12 Things You Should Know About PORGY AND BESS

PORGY AND BESS, the American masterpiece, opened on Broadway on this date in 1935. To honor this amazing work, here are…

12 Things You Should Know About PORGY AND BESS

Audra McDonald and Norm Lewis, 2012

1. PORGY AND BESS is an American folk opera by composer George Gershwin, with a libretto written by author DuBose Heyward and lyricist Ira Gershwin. The opera was based on Heyward’s 1925 novel Porgy, which DuBose and his wife, playwright Dorothy Heyward, adapted into a play of the same name.

2. Librettist DuBose Heyward had no formal literary training; he wrote the novel Porgy while working as an insurance agent.

The Original Broadway Cast, 1935

3. PORGY AND BESS made its world premiere at the Colonial Theatre in Boston on September 30, 1935, featuring a cast of classically-trained African-American singers. The production opened on Broadway at the Alvin Theatre on October 10, 1935, starring Todd Duncan and Anne Wiggins Brown.

New York Harlem Theatre Production (Naples, Italy 2011)

4. DuBose Heyward set his novel in fictional Catfish Row, inspired by the James Island Gullah community in South Carolina, and most of the characters speak in the Gullah dialect. While composing the score, George Gershwin moved to Charleston, South Carolina, to draw inspiration from the Gullah community.

Todd Duncan and Ann Wiggins Brown (Broadway, 1935)

5. During the show’s first national tour, in 1936, the PORGY AND BESS cast protested the segregation policy at the National Theatre in Washington. The theater intended to offer a special “blacks only” performance, but Todd Duncan, speaking for the cast, said he would never perform in a theater that barred him from purchasing a ticket because of his race. The management gave in, and the National Theatre housed an integrated audience for the first time.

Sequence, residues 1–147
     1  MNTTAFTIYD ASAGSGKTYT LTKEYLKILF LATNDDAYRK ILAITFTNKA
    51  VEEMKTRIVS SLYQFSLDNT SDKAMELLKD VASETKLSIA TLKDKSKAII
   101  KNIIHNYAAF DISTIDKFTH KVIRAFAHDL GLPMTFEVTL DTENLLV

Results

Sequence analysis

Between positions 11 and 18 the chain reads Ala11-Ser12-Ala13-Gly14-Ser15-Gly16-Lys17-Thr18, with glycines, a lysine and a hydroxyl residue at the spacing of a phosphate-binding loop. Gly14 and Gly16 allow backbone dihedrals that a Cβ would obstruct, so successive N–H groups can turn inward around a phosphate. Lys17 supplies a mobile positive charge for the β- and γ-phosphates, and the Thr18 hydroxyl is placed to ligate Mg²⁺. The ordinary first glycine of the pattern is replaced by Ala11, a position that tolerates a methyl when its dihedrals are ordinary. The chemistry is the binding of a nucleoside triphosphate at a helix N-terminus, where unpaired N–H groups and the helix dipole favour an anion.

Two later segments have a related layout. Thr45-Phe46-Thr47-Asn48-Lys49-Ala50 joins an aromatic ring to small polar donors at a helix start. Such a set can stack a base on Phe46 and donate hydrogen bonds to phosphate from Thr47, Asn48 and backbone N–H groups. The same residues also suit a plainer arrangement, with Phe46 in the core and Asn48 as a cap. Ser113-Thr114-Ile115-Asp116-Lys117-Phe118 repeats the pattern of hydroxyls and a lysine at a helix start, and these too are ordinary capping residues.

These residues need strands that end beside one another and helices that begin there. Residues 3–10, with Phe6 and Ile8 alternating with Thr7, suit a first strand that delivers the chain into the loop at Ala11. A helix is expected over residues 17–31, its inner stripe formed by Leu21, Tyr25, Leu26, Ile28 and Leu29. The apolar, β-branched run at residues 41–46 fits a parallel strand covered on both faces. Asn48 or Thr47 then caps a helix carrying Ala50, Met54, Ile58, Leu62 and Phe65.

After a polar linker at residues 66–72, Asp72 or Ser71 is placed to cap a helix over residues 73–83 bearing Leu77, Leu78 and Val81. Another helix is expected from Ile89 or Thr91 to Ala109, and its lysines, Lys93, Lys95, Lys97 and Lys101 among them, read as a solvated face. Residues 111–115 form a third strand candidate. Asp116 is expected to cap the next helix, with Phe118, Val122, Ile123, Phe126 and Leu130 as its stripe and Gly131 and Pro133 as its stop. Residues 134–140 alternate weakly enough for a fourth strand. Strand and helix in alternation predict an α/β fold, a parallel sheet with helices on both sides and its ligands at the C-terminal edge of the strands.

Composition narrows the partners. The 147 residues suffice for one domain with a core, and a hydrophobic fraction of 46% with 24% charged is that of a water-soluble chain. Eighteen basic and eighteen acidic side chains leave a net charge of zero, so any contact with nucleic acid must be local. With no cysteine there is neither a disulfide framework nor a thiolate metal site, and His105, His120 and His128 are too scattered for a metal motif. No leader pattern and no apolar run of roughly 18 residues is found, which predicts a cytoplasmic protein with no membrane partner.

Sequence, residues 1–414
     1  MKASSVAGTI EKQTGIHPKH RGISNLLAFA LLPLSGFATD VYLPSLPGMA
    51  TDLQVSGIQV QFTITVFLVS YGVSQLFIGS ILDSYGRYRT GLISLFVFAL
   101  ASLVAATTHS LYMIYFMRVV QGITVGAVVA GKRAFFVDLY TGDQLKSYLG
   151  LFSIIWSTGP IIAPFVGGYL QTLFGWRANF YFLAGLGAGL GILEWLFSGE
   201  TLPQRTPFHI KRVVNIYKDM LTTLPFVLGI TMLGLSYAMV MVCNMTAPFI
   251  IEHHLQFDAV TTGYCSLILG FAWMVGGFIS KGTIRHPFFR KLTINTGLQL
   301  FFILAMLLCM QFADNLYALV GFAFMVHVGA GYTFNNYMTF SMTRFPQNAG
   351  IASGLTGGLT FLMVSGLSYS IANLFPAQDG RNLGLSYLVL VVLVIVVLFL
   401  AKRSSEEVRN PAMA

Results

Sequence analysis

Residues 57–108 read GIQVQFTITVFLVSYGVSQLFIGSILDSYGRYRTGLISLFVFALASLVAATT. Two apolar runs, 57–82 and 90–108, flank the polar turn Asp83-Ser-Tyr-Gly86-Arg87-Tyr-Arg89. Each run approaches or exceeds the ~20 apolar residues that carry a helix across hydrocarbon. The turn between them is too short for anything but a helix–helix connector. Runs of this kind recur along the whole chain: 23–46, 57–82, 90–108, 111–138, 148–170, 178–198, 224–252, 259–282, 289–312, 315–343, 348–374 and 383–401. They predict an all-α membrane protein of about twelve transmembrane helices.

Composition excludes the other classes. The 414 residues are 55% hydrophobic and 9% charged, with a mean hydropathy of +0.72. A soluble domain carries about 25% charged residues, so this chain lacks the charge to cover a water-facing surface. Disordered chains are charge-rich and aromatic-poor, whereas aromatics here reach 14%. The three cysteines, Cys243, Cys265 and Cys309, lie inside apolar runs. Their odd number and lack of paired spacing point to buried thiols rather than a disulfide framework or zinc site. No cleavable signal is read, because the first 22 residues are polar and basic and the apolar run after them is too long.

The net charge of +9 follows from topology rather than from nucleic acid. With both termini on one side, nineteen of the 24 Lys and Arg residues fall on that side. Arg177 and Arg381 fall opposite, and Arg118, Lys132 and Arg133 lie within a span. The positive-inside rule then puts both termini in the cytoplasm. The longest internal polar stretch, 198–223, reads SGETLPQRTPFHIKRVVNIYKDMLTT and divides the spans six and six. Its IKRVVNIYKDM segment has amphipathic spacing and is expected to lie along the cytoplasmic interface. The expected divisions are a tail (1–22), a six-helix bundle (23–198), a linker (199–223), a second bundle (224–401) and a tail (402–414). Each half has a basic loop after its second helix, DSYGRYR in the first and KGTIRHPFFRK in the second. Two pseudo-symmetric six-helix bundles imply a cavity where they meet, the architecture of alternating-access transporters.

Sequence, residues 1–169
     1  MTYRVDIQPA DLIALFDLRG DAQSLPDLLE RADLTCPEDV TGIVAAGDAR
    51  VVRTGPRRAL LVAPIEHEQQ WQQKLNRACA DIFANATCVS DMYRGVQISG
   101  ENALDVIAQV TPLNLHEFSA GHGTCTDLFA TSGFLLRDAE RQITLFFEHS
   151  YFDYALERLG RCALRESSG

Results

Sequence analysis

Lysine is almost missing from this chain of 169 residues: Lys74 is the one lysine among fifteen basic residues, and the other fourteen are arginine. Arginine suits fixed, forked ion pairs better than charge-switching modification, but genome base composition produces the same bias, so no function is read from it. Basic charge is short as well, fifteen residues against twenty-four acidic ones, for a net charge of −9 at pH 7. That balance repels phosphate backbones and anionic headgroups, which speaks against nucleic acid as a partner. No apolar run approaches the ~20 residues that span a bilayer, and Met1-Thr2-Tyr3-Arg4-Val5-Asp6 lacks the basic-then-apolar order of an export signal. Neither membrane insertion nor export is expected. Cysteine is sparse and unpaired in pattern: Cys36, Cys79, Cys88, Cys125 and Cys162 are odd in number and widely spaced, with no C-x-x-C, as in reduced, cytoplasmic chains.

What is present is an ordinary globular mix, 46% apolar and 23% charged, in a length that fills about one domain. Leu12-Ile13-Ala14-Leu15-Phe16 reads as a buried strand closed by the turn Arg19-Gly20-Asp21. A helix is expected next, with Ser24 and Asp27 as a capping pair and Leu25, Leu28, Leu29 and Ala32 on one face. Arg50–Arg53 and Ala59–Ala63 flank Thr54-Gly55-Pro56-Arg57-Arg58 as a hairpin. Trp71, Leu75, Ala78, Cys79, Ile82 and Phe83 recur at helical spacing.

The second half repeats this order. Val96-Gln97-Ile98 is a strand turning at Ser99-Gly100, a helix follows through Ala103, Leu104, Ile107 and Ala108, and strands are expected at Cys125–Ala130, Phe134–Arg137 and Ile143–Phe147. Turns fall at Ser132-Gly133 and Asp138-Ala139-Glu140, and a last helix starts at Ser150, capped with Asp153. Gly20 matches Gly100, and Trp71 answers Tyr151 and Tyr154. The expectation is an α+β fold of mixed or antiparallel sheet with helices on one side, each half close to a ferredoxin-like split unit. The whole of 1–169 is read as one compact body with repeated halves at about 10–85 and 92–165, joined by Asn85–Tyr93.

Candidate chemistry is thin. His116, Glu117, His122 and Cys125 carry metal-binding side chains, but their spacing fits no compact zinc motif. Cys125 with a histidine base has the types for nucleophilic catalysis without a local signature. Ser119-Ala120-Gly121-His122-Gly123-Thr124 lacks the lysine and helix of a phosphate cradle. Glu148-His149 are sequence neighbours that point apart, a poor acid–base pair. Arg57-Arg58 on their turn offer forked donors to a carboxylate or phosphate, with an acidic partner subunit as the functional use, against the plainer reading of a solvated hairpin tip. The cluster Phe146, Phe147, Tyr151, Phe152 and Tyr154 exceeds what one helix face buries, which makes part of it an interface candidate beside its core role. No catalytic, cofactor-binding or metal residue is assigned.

David Alan Grier and Company (Broadway, 2012)

6. PORGY AND BESS has, to date, been produced on Broadway seven times: in 1935, 1942, 1943, 1944, 1953, 1976, 1983, and 2012. Most were limited runs; the 1953 and 2012 productions had the longest runs, at 305 and 321 performances, respectively.

George Gershwin, DuBuse Heyward, and Ira Gershwin

7. In a 1935 New York Times article, George Gershwin defended PORGY AND BESS as a folk opera, writing, “Porgy and Bess is a folk tale. Its people naturally would sing folk music. When I first began work in the music I decided against the use of original folk material because I wanted the music to be all of one piece. Therefore I wrote my own spirituals and folksongs. But they are still folk music – and therefore, being in operatic form, Porgy and Bess becomes a folk opera.”

8. The opera’s brilliant score features several songs that have become American classics, including “Summertime,” “My Man’s Gone Now,” “It Ain’t Necessarily So,” and “Bess, You Is My Woman Now.”

9. “Summertime” is one of the most popular songs in the history of recorded music, with more than 33,000 covers by groups and solo performers.

10. The very first version of the opera ran four hours, with two intermissions. The running time was reduced to three hours for the Broadway debut, and the 2012 Broadway revival ran 2 hours and 30 minutes. (The film adaptation, which was substantially edited from the stage version, runs 2:18.)

Audra McDonald and Company (Broadway, 2012)

11. PORGY AND BESS won its first Tony Award in 1977, when the Houston Grand Opera production, which transferred to the Uris Theatre, won Most Innovative Production of a Revival. The 2012 revival won two Tony Awards: Best Revival of a Musical and Best Actress in a Leading Role in a Musical for Audra McDonald.

New York Harlem Theatre Cast (Naples, Italy 2011)

12. Eighty-two years after its debut, PORGY AND BESS remains a vital American work of art. Presented by theatres and opera companies worldwide, the opera continues to thrill audiences with its passion, humanity, humor, and glorious music.